Youth travel through the eyes of a presidential parent
Youth and ‘the younger generation’ were among the most-used buzzwords of the World Travel & Tourism Council’s 2019 Global Summit- not least by the Summit’s distinguished guest of honour, former US President Barack Obama.
Hosted in the city of Seville, Spain, attendees of the Global Summit warmly welcomed President Obama for an intimate and personal discussion with Chris Nassetta, Hilton President & CEO and WTTC Chairman, on the social, cultural, and economic value of tourism. The conversation also touched on much more, including climate change, borders, government facilitation of tourism, the current state of media, and the impact media and the Internet have had in enabling people to surround themselves with opinions and perspectives that are just like your own.
Youth travel, through the eyes of a parent
When asked about his most memorable travel experiences, President Obama reflected on the many experiences he has had abroad as President, but also as a young traveller. Most cherished, however, is the time he has spent travelling with his children.
“Travelling makes you grow, but as a parent, when you are able to watch that sense of discovery in your children’s eyes – that is more special than anything else.”
President Obama offered a friendly, but clear warning to destinations that want to attract young visitors, particularly young women travelling.
“Because I have daughters, I know travel for women poses some specific dangers around safety and security when it comes to the attitudes of men in these places. If you are part of a tourism attraction in a city, or in nature, where young women feel uncomfortable when they’re travelling, that will potentially reduce your appeal – because they don’t want to have to put up with that stuff.”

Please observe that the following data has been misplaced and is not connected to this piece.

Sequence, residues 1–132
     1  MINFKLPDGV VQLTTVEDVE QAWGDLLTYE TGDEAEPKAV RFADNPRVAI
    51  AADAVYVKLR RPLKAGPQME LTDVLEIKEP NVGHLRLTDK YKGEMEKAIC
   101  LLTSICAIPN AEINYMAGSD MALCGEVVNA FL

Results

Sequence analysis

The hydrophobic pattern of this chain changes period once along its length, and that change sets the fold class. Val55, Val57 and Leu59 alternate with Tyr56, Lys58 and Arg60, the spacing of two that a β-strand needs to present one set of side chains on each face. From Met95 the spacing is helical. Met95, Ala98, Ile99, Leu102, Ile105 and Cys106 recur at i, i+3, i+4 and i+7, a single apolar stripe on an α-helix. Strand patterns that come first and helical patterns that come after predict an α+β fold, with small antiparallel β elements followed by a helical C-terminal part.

When asked by Chris Nassetta if there was anything that he missed about travelling, President Obama joked about having to wait on the tarmac or in traffic, unlike his experiences with Air Force One or a presidential motorcade. More seriously, he referred to the running joke of media and the general public while in office that he was always on vacation when he went abroad, but really this was about people-to-people diplomacy.
“What I understood was that part of diplomacy is letting other people know that you recognise and appreciate their culture, their history and their stories. When people feel as if they are not understood and that they are not seen, then they won’t be open to your perspectives either.”
Read more about the World Travel & Tourism Council and its annual Global Summit.